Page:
Howell County News/ Amanda Mendez

Willow Springs teen publishes two books

Graduates from Willow Springs High School complete a senior project as the capstone of their education. One student not only published a children’s book for his project, but also wrote and published a novel this year. 
 
Seth Wake, class of 2024, caused waves when his speech during senior project presentation night on April 25 outlined the journey of publishing a full-length novel instead focusing on his actual project – a children's book Wake titled “Hippo-Krisey.” 
 
The novel was Wake’s first choice for a senior project, but it was denied for reasons Wake and his family says were unfair. Hence, the surprise speech. Independently of the senior project process, Wake finished and published “Cold,” a 457-page novel in December. 
 
“It’s a post-apocalyptic story of a father and a daughter navigating the Ozarks in Missouri after a nuclear fallout event,” Wake said. 
 
It is “heavily” inspired by Cormac McCarthy’s book The Road, but Wake’s novel is peopled with characters inspired by the inhabitants of Willow Springs. Wake does not give any hints about who made it into the story – you will have to buy the book to find out. It is for sale on Amazon.
 
The novel began as a school assignment, Wake said. His gift for writing surprised him -- and his parents.
 
“During that year, I stayed up late nights working because I enjoyed writing it so much… For me, it’s kind of like writing down a movie as you watch it in your head.”
 
After discovering that writing is his passion, Wake stuck with a book for his senior project. He wrote, obtained illustrations for, and is in the process of publishing a children’s book that is, “intended to be a lesson on hypocrisy,” he said.
 
The main character, Hippo-Krisey, is a hippopotamus that denies other jungle animals’ entrance to a river for hypocritical reasons.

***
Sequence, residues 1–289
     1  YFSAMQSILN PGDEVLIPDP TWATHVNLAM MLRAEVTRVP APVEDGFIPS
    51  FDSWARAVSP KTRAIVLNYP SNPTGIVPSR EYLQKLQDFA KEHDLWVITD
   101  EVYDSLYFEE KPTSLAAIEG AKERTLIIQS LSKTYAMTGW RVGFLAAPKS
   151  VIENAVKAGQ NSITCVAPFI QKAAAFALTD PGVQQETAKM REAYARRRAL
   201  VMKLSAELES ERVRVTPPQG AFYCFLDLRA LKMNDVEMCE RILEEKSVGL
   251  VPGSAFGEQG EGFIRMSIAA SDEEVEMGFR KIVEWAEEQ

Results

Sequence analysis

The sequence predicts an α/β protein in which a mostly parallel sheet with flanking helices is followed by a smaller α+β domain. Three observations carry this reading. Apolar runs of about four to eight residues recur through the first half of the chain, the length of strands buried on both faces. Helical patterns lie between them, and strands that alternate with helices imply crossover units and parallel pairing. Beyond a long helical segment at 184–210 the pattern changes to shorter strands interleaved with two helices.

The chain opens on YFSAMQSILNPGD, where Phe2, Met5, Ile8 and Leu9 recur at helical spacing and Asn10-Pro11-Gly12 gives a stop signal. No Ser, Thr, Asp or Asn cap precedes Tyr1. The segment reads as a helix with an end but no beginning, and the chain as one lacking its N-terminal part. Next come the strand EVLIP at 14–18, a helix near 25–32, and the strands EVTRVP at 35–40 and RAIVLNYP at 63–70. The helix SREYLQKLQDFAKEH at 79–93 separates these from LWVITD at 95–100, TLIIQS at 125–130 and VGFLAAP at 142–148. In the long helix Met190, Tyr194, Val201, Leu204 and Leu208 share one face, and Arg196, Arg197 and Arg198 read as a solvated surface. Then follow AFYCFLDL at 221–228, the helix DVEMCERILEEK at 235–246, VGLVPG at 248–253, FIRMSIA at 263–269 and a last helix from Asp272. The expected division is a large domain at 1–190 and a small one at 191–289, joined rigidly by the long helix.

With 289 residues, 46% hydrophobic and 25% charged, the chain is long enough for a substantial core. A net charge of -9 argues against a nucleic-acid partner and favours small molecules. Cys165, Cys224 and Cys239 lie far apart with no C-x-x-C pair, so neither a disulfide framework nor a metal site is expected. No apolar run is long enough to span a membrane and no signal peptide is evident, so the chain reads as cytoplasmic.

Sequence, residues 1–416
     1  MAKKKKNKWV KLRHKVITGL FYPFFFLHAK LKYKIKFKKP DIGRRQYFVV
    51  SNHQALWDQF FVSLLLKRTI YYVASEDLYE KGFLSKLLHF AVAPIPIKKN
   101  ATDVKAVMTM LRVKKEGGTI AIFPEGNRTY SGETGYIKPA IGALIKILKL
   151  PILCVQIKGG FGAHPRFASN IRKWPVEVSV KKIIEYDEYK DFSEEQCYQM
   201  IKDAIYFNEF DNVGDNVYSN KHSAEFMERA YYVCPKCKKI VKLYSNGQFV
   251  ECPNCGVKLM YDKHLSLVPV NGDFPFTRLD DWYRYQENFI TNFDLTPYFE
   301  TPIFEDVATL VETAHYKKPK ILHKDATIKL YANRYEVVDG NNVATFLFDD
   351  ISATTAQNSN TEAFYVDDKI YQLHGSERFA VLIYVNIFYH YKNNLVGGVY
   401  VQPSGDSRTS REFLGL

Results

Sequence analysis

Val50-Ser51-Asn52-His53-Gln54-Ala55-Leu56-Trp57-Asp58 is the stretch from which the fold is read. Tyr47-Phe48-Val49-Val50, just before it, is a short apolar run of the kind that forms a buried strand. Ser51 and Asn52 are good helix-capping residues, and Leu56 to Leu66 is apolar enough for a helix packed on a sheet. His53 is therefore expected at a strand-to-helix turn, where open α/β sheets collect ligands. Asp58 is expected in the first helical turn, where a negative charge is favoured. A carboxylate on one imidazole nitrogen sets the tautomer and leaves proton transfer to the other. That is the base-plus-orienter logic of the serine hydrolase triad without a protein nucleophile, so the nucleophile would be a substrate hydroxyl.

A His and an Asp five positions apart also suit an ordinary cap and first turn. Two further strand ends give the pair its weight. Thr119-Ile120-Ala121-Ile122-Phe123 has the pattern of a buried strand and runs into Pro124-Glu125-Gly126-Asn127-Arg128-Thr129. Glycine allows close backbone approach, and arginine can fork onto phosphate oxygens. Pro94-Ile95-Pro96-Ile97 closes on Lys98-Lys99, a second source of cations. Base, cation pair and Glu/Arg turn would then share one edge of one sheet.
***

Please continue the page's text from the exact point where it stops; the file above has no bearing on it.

“Children need to be exposed to [hypocrisy] sooner, so they’re not so frustrated with it when they see it in the real world,” Wake told Howell County News.
 
The alleged hypocrisy that is the focus of Wake’s speech and project is the denial of his novel as a senior project idea. Wake reports his initial project idea was rejected for two reasons—because it was “not hard enough” and because he had already started working on it as a school assignment. 
 
"Seth's book was a good project, but it had been completed outside the Senior Project Timeline and he hadn't sought prior approval for that, so unfortunately it did not meet the Senior Project requirements," Willow Springs Schools responded to a request for comment.
 
The Wakes say they have spoken to many current and former students who worked on their projects early, but when they approached the school about these, “hypocritical and double standards,” the school's response was “patronizing.”
 
Wake’s mother, Jeannett, who was present for the interview, said the school administration “seemed irritated that [she] would challenge the decision.” After meeting with Superintendent Dr. Marty Spence about the decision, they made no further complaints and did not approach the school board. Seth reports he experienced no disciplinary action after his speech, but the video recording of it is nowhere to be found on the school's website.
 
The school had an opportunity to respond to the quotes above but chose not to comment. 
 
Wake is twenty-second is his class and graduated cum laude. He has won awards as part of Make48 and Beta Club. He will attend Missouri S&T in Rolla in the fall and plans to study mechanical engineering. 
 
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